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I have been trying to learn chef-solo. I am new to this automation thing and the tutorials available are quite confusing. The main doubt I have is about the work-flow of chef-solo.

Though I was able to run it with vagrant. But as the documentation says "chef-solo is an open source version of the chef-client that allows using cookbooks with nodes without requiring access to a server", meaning I should be able to run chef-cookbooks on an already provisioned machine. The idea is I have a running VM, I want to install chef-solo on it and run the cookbooks on "this machine" only. Is is possible? Or do I need to provision a VM? Please help.

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2 Answers 2

I'm afraid you are not making a lot of sense.

If mean by "provisioning a VM" consists of:

  • allocating the resources to run the virtual, and

  • booting it from a boot image or from an installation media.

These things are the responsibility of your virtualization platform; e.g. xen, kvm, vmware or hyper-v. (Vagrant is a particular case that is built on top of other virtualization providers ... such as the above.)

On the other hand, once you have gotten your virtual machine booted into Linux (or whatever), you can use Chef for "provisioning" (if you want to call it that) other software.


So to try to answer your question:

The idea is I have a running VM, I want to install chef-solo on it and run the cookbooks on "this machine" only. Is this possible? Or do I need to provision a VM?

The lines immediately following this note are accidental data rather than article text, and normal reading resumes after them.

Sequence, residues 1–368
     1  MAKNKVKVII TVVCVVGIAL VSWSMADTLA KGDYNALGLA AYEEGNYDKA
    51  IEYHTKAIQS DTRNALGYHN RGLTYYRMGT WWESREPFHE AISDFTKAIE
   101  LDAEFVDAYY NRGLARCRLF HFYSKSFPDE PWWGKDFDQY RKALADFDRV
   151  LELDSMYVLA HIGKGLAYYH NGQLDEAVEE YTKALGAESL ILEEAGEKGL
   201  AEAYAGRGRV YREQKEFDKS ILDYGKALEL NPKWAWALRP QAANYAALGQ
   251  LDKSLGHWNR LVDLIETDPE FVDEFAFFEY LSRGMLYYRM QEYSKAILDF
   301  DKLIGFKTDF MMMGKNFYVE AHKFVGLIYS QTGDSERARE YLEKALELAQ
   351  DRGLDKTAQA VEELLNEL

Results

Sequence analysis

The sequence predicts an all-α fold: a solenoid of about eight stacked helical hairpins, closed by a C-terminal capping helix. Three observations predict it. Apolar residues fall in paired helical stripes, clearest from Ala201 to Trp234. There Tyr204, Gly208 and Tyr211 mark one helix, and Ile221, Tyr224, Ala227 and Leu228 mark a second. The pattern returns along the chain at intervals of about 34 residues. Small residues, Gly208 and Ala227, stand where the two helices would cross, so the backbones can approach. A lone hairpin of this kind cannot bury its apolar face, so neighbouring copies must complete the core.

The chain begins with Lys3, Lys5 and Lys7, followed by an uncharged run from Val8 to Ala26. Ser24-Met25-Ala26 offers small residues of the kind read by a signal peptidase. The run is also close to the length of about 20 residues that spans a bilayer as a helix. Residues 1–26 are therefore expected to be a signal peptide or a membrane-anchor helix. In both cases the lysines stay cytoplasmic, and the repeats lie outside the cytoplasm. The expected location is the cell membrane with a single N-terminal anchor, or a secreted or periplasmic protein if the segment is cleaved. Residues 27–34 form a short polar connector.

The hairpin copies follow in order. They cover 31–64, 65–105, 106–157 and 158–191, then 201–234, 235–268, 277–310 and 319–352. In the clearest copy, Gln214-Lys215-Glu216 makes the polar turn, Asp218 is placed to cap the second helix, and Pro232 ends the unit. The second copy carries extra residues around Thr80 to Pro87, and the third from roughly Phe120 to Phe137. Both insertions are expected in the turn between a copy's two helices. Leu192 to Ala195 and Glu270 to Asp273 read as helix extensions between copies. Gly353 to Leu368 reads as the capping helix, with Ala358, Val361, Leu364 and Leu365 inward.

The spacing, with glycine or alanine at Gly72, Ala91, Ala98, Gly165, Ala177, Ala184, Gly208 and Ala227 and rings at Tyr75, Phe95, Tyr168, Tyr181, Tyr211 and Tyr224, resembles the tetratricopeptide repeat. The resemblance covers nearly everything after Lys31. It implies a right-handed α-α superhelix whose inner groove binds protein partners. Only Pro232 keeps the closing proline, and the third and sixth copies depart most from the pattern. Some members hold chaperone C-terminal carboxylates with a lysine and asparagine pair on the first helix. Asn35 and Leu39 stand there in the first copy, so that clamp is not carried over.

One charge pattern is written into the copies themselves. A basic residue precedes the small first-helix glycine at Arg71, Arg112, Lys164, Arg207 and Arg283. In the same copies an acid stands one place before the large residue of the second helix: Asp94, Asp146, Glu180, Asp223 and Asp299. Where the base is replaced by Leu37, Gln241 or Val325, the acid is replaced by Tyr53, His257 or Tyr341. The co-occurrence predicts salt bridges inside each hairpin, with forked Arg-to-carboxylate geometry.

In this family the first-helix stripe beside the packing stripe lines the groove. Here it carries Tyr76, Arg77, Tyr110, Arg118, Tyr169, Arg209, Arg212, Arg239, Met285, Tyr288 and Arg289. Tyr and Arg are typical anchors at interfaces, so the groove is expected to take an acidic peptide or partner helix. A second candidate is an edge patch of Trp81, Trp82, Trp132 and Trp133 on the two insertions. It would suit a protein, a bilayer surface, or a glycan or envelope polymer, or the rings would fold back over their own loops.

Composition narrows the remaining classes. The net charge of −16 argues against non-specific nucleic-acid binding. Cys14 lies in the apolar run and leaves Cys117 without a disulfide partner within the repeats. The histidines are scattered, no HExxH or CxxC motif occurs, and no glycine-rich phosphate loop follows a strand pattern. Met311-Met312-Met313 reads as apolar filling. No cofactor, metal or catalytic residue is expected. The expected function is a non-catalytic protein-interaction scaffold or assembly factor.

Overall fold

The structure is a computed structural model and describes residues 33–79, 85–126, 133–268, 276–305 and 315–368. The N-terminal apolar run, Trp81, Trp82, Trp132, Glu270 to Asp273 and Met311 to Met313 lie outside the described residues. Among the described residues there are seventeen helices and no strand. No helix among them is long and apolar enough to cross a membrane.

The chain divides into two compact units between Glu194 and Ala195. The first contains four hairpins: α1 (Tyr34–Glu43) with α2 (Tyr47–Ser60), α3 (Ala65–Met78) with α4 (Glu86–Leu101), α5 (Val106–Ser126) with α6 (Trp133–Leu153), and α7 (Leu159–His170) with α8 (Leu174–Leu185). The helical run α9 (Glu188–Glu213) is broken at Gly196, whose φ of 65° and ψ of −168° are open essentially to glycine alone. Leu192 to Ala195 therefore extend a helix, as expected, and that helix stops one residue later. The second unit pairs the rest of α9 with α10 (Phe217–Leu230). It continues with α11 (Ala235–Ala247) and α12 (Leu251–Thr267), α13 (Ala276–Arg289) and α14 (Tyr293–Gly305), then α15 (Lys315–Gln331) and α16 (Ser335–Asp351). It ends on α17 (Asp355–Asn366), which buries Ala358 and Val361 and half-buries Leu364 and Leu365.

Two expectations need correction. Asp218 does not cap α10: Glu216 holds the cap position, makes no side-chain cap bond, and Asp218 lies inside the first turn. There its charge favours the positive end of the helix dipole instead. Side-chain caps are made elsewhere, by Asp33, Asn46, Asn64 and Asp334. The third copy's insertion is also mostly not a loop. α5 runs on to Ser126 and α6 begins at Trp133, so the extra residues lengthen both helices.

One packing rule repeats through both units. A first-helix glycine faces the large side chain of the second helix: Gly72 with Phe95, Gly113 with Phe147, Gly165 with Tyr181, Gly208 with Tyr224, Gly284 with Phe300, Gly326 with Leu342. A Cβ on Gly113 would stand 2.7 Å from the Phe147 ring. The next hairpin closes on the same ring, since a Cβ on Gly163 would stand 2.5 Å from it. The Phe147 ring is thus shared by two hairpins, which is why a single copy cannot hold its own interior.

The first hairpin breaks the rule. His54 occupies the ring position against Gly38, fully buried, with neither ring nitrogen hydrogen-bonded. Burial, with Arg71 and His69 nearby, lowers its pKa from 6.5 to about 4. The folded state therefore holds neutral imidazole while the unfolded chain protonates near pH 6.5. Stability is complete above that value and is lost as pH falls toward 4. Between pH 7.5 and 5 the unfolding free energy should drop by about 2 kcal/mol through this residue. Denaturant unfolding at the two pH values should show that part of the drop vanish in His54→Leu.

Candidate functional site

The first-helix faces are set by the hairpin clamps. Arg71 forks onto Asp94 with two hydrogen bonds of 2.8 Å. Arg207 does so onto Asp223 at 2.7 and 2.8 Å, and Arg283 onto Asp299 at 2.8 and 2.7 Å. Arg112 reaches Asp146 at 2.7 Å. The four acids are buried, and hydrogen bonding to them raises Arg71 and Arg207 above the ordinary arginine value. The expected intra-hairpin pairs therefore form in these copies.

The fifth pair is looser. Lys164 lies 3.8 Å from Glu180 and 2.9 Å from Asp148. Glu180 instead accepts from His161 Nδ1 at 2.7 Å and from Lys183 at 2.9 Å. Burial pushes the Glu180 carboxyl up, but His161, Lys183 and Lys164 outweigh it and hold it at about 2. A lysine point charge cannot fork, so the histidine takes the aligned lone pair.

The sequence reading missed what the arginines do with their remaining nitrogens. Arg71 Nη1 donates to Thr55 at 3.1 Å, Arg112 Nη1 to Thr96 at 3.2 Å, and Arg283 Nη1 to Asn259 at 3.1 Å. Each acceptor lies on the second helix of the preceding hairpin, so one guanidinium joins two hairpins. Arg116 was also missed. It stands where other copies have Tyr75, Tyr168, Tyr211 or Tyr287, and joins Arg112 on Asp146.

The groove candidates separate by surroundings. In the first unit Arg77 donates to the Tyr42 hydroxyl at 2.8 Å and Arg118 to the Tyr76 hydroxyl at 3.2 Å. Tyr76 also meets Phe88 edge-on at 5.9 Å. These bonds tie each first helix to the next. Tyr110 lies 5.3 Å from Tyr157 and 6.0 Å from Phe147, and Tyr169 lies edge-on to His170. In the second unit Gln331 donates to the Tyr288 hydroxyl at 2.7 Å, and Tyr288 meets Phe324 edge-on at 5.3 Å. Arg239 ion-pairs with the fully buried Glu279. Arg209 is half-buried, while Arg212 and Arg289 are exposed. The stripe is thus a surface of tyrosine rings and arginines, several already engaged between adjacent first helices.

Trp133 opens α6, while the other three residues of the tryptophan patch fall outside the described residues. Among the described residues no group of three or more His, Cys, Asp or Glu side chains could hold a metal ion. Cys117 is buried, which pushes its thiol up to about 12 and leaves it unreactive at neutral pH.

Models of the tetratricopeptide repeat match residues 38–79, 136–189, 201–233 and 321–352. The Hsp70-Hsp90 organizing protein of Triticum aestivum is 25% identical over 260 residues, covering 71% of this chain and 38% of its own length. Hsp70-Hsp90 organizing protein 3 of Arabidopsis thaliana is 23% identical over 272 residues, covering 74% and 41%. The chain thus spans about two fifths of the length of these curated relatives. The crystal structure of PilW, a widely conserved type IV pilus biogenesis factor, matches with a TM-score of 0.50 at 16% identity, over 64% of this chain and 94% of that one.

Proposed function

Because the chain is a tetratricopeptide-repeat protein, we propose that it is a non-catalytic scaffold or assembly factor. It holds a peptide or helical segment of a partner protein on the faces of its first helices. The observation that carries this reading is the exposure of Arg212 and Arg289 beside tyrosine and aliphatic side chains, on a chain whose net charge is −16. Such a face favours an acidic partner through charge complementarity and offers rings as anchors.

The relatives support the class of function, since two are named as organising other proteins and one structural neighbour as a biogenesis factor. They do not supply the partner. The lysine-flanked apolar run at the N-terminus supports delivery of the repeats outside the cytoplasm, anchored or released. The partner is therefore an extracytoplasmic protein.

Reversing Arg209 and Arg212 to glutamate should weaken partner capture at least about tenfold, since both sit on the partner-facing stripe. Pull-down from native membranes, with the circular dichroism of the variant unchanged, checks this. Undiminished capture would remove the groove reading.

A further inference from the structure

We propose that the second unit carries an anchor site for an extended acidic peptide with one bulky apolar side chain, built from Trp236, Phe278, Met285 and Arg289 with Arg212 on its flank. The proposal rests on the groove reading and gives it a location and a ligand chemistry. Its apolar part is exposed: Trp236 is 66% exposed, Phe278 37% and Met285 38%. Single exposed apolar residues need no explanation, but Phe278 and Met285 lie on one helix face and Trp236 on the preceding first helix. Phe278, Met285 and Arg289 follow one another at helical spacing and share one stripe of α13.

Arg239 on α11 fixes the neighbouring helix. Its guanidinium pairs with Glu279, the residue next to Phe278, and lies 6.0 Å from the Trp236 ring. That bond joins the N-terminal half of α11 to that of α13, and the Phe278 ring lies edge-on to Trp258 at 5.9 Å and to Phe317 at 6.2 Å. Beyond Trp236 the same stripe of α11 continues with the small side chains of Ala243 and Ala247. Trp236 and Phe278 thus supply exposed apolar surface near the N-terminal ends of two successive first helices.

(It sounds like you mean "provisioning" in the first sense; see previous.)

The answer is that if you have an existing VM you don't need to "provision" another VM in order to use Chef (in either Solo or Server mode). You can install Chef on your existing VM, copy your cookbooks from somewhere, and then use "chef-solo" to run them.

On the other hand, a Vagrant VM is really a transitory thing. It is useful for doing experiments / testing / trying things out ... but it is not designed for building production systems. So in that sense, if your "existing VM" is a Vagrant instance, then you may indeed need to provision a new VM if you are going to build a system "for real". But that's not because of Chef! On the contrary, Chef works just fine on Vagrant.

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Sorry if I wasnt clear. Actually I was a little confused too! Btw, I get that I can run the cookbooks on the vagrant instance without launching(provisioning?) a new instance using chef-solo. Thanks! –  Peeyush Gupta Jan 9 at 7:02

Chef is a provisioner that can be used by Vagrant. So running chef-solo is the provisioning (maybe you think more of "making a VM available as provisioning?). I guess you don't have to worry as much as you do.

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